How can I decide if my story can make it in a series of books or just in a big one?
I have a story I really like and I think I can write. The end is still a little blurry, but I’m sure it will make sense. But I’m not sure about the length. I would be okay with a big book, with many pages. But if I cut the story and continue in another one, I can improve. More people would give me advice, but if I finish it in one, it would not really matter after it’s published.
Bianka isn’t alone; many writers struggle to manage story length. Even experienced novelists will misjudge how much they can fit in one book. If you have a big story and you aren’t sure whether to write it as a single book or a series of books, here’s what you should think about.
Consider Doing a Series and Focusing on the First Book
Everyone’s situation is unique, but starting small has many advantages.
Most Writers Underestimate Story Length
Estimating the length of your story can be valuable. In addition to the guidelines here, you can write a list of your major plot points and compare its length to the plot points in your favorite book.
But chances are good that your estimate will be shorter than the actual length. You could easily forget all the buildup you’ll need for your ending or give something important only a passing mention in your outline.
You may think your story can fit in one big book, but what if it can’t? If you write the whole thing and then discover it won’t fit in one binding, you’ll be forced to publish it in parts. That will mean either revising your entire plot or printing middle sections without a proper beginning or end. Reduce your risk by cutting it up early. When that first portion grows to 500 pages, you’ll be thankful.
Short Works Are Easier to Complete
Writing is challenging, especially for those who are starting out. If you bite off less, your project will be easier to chew. You’ll be ecstatic you aren’t writing a 750-page novel when it’s time to revise.
A closer completion date means you’ll be less likely to get discouraged and more likely to feel that rewarding sense of accomplishment when you finally finish. In the end, feeling accomplished could mean a lot more to you than how many books your story is stretched over.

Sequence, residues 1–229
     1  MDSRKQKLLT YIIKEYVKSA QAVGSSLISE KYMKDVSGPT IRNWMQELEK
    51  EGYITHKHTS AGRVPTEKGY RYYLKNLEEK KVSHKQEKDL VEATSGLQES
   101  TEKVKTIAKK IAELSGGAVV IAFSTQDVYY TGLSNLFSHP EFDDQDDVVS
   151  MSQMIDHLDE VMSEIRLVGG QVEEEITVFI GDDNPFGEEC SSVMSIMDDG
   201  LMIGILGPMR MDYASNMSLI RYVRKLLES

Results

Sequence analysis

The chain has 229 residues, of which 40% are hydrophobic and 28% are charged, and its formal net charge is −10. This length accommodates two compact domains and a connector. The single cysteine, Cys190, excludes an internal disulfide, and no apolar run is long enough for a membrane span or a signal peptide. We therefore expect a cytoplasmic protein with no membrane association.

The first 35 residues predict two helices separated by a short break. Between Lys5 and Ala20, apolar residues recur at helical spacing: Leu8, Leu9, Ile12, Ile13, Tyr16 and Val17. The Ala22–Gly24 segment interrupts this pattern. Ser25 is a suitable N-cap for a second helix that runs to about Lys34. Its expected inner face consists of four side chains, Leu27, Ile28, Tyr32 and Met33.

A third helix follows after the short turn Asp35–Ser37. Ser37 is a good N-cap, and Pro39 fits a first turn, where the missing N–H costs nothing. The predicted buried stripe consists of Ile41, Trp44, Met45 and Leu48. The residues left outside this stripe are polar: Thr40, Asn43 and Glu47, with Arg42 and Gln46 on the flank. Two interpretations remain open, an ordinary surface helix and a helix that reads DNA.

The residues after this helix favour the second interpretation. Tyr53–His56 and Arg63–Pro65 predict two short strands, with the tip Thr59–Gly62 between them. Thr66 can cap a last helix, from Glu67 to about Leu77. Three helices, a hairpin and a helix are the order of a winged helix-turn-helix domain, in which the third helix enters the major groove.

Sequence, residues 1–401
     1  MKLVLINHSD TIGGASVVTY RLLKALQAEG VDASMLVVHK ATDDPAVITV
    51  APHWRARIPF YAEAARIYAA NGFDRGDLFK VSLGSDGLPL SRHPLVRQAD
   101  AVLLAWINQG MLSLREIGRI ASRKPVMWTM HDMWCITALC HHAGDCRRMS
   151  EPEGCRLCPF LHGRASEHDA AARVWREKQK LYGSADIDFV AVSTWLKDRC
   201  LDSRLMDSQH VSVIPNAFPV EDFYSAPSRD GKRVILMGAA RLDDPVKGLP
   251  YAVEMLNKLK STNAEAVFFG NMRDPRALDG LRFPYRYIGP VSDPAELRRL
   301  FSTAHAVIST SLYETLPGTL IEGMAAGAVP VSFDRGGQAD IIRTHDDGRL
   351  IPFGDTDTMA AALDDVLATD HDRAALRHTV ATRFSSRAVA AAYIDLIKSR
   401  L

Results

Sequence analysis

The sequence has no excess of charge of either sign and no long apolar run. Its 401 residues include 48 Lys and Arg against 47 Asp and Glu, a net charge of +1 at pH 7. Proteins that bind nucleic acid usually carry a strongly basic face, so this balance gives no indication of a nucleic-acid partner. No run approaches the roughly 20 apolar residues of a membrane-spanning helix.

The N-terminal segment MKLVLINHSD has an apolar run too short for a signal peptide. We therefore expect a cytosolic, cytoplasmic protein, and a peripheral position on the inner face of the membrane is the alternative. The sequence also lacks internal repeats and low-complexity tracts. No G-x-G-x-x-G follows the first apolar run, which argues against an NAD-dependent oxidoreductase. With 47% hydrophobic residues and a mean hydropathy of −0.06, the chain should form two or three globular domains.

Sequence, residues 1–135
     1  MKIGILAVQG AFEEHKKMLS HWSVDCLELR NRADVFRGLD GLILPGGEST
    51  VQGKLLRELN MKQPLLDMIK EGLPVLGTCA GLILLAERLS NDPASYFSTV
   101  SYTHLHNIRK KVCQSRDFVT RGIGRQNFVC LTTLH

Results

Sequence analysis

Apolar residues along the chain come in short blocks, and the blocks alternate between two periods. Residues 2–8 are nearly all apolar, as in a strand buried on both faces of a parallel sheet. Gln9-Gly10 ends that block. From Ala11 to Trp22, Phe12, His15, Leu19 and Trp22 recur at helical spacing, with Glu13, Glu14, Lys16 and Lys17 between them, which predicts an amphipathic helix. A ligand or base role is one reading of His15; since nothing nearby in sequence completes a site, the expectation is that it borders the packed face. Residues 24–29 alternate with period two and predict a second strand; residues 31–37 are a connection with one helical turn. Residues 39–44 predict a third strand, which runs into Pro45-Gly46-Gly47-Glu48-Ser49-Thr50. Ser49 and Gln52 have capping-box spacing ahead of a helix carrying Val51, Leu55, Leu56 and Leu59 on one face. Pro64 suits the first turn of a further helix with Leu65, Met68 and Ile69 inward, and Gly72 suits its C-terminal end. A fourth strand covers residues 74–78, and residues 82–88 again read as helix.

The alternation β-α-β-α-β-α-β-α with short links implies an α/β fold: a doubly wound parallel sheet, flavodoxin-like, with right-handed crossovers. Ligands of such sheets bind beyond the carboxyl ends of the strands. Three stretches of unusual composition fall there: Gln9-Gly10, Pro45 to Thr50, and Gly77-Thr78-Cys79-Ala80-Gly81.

You Can Complete the Series Only If You Want to
Many in the industry recommend only writing the first book in your series and waiting to see if it’s successful before doing the rest. You can decide whether or not it’s worth abandoning your beloved story in the face of low sales, but breaking it up gives you the option. If you want to become a career writer quickly, reconsider spending time on works that won’t get you there.
Short Works Are Cheaper to Publish
Longer books costs more to print, and you can’t just recoup those costs by raising the price, or your book will sell less. If you’re sending your manuscript to a traditional publisher, they’ll care about printing costs, particularly if you’re a new writer. A new writer with a long book is a risky investment.
Reasons Not to Split It Up
While most writers would benefit from breaking up a long novel and completing the first piece, it comes with some disadvantages.
You May Need to Restructure Your Plot
If you conceptualized the whole thing as one story, it probably doesn’t have the optimal plot structure for a series. Making that first section into its own book could mean completely redoing the plot. If you’re in this to be a better writer, it can be a good exercise. However, it’s work you could avoid by staying with a single book, particularly if that single book is mostly done.
Writing the Beginning and End Together Can Create a Better Story